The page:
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Minneapolis Domestic Violence Experiment

NCJ Number
L W Sherman; R A Berk
Date Published
8 pages
This test of Minneapolis police methods for responding to domestic violence found that arrest was more successful in reducing recidivism than police counseling of the parties or barring the assailant from the home for 8 hours.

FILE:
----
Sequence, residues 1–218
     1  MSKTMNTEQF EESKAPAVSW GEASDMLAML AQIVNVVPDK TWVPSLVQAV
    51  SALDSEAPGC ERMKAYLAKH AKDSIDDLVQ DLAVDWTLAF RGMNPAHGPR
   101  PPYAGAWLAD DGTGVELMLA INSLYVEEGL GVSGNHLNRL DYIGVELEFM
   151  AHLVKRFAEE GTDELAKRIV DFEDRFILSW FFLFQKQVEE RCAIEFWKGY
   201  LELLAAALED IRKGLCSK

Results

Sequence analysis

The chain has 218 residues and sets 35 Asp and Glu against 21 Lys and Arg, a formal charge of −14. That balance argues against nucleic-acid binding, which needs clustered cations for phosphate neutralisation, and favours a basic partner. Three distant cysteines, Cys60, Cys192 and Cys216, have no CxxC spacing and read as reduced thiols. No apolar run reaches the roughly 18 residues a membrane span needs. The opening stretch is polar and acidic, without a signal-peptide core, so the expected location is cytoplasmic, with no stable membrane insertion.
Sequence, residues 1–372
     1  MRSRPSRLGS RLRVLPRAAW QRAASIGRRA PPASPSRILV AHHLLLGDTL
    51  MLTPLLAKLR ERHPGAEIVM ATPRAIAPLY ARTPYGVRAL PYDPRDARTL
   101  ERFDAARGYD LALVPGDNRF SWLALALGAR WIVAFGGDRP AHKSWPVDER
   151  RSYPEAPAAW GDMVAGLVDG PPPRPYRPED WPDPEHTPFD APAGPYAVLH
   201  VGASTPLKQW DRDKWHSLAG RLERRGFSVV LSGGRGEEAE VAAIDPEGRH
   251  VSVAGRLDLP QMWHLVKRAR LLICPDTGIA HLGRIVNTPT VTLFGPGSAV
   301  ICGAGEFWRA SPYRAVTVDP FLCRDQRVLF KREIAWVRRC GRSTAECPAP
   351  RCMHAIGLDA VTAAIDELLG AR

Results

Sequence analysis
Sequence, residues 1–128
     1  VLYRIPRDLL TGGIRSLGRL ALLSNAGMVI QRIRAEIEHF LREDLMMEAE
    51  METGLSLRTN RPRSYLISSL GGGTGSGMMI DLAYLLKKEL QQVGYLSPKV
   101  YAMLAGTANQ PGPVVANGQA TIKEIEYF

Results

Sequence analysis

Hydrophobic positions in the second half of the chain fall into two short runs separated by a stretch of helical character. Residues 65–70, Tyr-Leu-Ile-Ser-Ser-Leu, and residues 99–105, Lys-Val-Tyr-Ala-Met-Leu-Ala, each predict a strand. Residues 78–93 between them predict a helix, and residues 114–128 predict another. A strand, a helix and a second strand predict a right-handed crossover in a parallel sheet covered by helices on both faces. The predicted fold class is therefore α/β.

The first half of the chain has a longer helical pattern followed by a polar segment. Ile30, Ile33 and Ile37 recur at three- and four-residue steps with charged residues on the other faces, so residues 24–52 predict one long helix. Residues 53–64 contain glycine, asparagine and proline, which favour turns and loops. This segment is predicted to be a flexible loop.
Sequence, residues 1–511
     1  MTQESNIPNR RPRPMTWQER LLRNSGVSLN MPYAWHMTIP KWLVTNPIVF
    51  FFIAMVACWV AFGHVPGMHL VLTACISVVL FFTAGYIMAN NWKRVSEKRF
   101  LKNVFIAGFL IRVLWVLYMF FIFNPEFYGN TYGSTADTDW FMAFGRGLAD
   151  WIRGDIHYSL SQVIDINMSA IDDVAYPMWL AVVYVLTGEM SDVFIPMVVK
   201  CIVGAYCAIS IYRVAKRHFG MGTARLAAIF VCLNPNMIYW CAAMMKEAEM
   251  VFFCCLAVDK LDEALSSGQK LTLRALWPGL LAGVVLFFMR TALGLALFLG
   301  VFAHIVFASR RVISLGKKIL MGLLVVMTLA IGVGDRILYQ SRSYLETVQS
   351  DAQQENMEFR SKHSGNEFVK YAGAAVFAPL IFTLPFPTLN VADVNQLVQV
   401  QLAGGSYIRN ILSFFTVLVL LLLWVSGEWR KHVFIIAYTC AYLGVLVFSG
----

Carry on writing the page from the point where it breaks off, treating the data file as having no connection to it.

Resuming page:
The experiment, conducted from early 1981 to mid-1982, applied only to simple (misdemeanor) domestic assaults, where both the suspect and victim were present when the police arrived. The design called for each officer to carry a pad of report forms, color coded for the three different police responses. Each time the officers encountered a situation that fit the experiment's criteria they were expected to take the action indicated by the report form on the top of the pad. Police reports were given to the research staff for followup. A total of 330 victims were involved in the experiment. Repeat violence between the parties encountered by the police was measured in two ways. Police records were reviewed over the 6 months following the initial police visit to determine if additional violence had been reported among the parties. Also, victims were interviewed over the 6 months after the initial police visit to determine if the violence against them had been repeated. Findings indicate that arrest was most effective in reducing recidivism. The report concludes with a brief discussion of the factors that suggest a cautious interpretation of the findings. Tabular and graphic data and 22 references are provided.